Can 1,100 high school senior boys form an efficient state government? Each summer, the American Legion sponsors week-long camps known as Boys State (as well as separate Girls State) in every state that bring together a wide mix of high school students to learn what goes into elections and government. In Boys State, filmmakers Jesse Moss and Amanda McBride take us to the 2018 version of Boys State in Texas. As these young men play out the process of party politics, it reveals some interesting things about our political system. The film was awarded the Grand Jury Prize for documentary at Sundance Film Festival this year.
The film opens with a title card with a quotation from George Washington’s Farewell Address: “[Political parties] are likely to become potent engines, by which cunning, ambitious, and unprincipled men will be enabled to subvert the power of the people and to usurp for themselves the reins of government.” Boys State is geared around a two-party system, although not ideologically based, as with Democrats and Republicans. Instead these young men are randomly divided into two parties, Federalist and Nationalist. It is up to each party to determine its platform, issues, and select candidates for an election. In essence, the parties are teams vying to win a political game.
The film focuses on four key characters as the week plays out. Ben Feinstein is a Reagan loving conservative. He’d like to join the armed services, but as a double amputee that’s not possible. Perhaps he’ll try for the CIA or FBI. Steven Garza is a progressive son of immigrants. After the Parkland school shooting he organized a gun control march in Houston. Robert MacDougall is good looking, athletic, outgoing—a typical high school A-lister. His dream is to go to West Point. René Otero is an African-American who has only recently arrived in Texas from Chicago. Ben becomes the Party Chair for the Federalist. René is his counterpart for the Nationalists. Steve and Robert are rivals for the Nationalist gubernatorial nomination.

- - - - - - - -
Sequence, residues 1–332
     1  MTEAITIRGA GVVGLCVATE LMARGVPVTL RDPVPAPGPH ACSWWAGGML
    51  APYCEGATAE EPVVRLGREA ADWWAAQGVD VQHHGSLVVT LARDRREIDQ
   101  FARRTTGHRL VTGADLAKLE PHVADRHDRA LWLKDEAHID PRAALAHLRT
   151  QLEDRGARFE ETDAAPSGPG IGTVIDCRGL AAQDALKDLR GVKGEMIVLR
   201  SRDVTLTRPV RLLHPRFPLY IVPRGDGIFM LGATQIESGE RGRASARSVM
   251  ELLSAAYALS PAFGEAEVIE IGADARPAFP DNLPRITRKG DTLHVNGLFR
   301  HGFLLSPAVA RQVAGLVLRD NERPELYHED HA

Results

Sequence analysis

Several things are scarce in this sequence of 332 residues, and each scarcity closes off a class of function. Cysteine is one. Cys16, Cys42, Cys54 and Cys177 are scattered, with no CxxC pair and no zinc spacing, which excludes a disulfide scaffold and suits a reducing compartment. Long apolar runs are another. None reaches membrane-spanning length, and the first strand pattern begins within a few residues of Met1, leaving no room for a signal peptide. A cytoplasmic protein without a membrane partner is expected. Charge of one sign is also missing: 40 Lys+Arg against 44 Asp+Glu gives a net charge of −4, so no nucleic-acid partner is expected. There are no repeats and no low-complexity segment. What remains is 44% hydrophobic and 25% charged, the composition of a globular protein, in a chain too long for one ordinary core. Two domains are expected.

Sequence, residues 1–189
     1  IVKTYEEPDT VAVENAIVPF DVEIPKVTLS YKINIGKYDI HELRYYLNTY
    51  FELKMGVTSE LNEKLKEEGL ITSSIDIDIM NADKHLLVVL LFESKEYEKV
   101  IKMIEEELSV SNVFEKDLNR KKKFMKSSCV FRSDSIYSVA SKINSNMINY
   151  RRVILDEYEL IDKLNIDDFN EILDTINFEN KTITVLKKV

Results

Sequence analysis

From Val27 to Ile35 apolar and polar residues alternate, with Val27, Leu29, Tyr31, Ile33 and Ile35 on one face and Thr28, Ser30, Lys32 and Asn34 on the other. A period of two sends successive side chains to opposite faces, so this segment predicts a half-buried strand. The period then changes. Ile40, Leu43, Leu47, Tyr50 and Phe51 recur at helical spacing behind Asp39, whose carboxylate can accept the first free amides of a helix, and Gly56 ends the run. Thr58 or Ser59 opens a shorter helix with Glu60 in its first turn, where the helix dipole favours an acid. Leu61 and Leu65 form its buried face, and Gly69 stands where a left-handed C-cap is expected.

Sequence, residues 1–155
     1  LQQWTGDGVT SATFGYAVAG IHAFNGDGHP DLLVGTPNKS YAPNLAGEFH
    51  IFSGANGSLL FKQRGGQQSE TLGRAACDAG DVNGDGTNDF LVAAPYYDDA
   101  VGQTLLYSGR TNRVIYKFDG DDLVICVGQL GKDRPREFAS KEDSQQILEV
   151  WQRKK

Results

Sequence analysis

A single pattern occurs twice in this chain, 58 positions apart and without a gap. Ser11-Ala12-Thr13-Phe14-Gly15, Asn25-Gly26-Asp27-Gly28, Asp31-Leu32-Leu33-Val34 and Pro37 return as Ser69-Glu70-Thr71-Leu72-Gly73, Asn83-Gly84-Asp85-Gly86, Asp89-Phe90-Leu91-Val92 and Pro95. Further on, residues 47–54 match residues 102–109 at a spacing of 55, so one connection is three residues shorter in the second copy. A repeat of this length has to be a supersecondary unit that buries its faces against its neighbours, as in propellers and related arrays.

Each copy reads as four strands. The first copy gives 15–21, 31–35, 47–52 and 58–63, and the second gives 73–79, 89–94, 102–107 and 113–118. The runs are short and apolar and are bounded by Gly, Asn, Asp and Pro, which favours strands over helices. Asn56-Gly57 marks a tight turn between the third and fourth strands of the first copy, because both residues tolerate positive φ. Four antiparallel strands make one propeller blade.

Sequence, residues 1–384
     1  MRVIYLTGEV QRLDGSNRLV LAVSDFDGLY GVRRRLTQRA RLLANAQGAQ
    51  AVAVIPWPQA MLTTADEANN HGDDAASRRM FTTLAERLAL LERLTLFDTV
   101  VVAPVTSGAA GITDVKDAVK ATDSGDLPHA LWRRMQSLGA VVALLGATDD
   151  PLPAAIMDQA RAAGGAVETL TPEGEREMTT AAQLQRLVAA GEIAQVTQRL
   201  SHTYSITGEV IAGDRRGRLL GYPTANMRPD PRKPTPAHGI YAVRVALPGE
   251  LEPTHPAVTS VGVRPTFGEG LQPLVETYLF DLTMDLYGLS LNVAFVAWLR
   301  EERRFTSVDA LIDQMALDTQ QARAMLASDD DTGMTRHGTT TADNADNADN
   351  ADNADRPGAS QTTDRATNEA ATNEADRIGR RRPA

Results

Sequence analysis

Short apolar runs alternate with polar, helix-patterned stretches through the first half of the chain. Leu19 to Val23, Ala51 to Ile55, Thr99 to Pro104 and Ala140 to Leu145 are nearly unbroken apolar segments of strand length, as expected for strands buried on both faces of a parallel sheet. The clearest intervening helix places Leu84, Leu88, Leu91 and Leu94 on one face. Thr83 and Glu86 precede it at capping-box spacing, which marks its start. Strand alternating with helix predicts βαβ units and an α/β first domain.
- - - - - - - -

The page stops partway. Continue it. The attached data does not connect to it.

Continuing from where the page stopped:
As the week plays on, we watch as the political process becomes more and more like real life. There are chaotic party meetings with challenges to leadership, there are smear campaigns, there are rousing speeches, an admission from one candidate that he will say what he thinks others want to hear, even if it is different than his own beliefs, and an example of a would be leader who wants to work cooperatively, but will maintain his integrity.
Because this is Boys State with rooms full of 17 year-olds, there is a lot of testosterone in the room. And because it is Texas, the predominant ideology is conservative, especially in terms of issues relating to guns and abortion. It would be interesting to see what issues would come up and how they would be handled at Girls State and in blue states.
One of the things that attracted the filmmakers to Texas Boys State was that the year previous, the Texas Boys State government voted to secede from the US. That issue is brought up again in this film, and it is interesting to see how the student leader dealt with the issue to prevent another such occurrence.
A cynical viewer might watch the film and be discouraged that the political gamesmanship puts so much emphasis on winning per se over ideas and character. But there are also signs of hope. Steve, in one of his wonderfully crafted and impassioned speeches, asks his listeners to be united and show the adults how things can be done. Perhaps he seems a bit idealistic, but as we head into the current political season, Boys State might make a good primer for us to use in considering the way we see real politicians acting. Will we see them with cynical eyes, or have idealistic hope in what could be?
After a virtual theatrical opening, Boys State will be streamed on Apple TV+.
To hear audio of our interview with directors Jesse Moss and Amanda McBaine, click here.
Photos courtesy of Apple Originals.